up in arms
up in arms
Meaning | Synonyms
- eagerly oppose or protest something
- My mom was up in arms about the new salary cuts rumoured to be put in place.
- The students were up in arms when they heard that their breaktime would be taken away due to poor behaviour.
- Everyone is up in arms about the highway that they plan to build through our city centre.
- The employees were up in arms over the management’s plan to discontinue five-day week policy.
The literal meaning of the phrase dates back to the 1500s. It is related to the fact that weapons and armour are also called arms. One of the first examples of the phrase can be found in King Richard III, by William Shakespeare. The play was written in the late 1500s.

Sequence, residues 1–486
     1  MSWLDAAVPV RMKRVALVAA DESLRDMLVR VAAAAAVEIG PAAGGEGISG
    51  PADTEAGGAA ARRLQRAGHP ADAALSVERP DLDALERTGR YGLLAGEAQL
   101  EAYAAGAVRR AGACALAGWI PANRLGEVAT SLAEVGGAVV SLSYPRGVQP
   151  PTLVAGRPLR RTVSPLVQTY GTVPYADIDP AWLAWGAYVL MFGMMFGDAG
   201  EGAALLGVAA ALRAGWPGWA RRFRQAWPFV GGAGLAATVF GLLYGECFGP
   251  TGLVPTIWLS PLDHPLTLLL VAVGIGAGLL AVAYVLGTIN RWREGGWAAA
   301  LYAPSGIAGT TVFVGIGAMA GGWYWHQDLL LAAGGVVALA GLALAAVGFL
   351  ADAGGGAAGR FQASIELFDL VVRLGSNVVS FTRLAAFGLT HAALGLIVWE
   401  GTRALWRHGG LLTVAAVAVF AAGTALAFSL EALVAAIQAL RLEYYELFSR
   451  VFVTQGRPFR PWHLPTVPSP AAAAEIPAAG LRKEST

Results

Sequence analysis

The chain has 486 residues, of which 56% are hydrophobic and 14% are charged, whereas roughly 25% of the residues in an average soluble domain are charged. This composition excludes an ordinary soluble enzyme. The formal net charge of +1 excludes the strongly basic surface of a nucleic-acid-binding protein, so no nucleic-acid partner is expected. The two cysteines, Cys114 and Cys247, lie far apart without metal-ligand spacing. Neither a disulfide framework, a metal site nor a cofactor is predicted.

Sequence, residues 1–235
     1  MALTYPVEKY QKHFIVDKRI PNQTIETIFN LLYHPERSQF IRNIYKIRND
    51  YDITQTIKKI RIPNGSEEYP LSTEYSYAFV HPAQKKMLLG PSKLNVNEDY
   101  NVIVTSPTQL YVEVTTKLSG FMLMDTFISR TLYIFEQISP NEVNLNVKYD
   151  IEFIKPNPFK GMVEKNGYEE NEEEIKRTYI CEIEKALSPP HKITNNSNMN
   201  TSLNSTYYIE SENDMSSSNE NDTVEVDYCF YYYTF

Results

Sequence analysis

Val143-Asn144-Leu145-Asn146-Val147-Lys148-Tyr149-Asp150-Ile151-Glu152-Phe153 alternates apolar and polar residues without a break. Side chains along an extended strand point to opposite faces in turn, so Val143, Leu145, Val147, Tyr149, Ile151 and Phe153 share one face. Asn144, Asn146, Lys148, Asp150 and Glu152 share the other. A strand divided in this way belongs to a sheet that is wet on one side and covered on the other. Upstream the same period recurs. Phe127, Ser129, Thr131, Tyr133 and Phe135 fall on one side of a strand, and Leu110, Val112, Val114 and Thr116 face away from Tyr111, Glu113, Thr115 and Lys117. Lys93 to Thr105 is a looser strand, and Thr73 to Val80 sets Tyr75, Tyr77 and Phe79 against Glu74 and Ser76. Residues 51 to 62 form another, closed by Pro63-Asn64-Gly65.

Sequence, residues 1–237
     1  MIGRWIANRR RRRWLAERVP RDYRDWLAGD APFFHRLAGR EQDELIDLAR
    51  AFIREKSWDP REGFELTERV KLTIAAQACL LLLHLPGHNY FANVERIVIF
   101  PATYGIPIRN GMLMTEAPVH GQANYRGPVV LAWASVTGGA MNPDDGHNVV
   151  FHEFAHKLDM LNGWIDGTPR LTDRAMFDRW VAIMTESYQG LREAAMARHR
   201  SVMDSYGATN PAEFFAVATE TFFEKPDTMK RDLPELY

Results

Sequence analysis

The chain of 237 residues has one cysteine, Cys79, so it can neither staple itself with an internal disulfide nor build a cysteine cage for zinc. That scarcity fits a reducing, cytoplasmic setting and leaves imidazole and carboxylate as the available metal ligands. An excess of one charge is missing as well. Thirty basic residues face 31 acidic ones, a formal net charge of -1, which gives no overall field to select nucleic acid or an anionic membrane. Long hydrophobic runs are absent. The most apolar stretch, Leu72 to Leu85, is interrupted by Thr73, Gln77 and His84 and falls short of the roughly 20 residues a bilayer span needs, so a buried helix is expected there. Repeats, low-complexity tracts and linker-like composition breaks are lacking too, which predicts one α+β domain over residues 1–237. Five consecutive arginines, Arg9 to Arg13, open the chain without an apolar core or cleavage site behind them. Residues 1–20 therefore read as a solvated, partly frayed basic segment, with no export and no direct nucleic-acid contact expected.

March on, march on, since we are up in arms
if not to fight with foreign enemies, …
It is not known whether the phrase was meant in a literal or figurative manner. It is assumed to be literal as an enemy and marching are referenced. The figurative meaning stems from the same place. In the case of the idiom it is not weapons that are taken up but people are still believed to engage in a battle. It is thought that the figurative meaning dates back to the 1700s.
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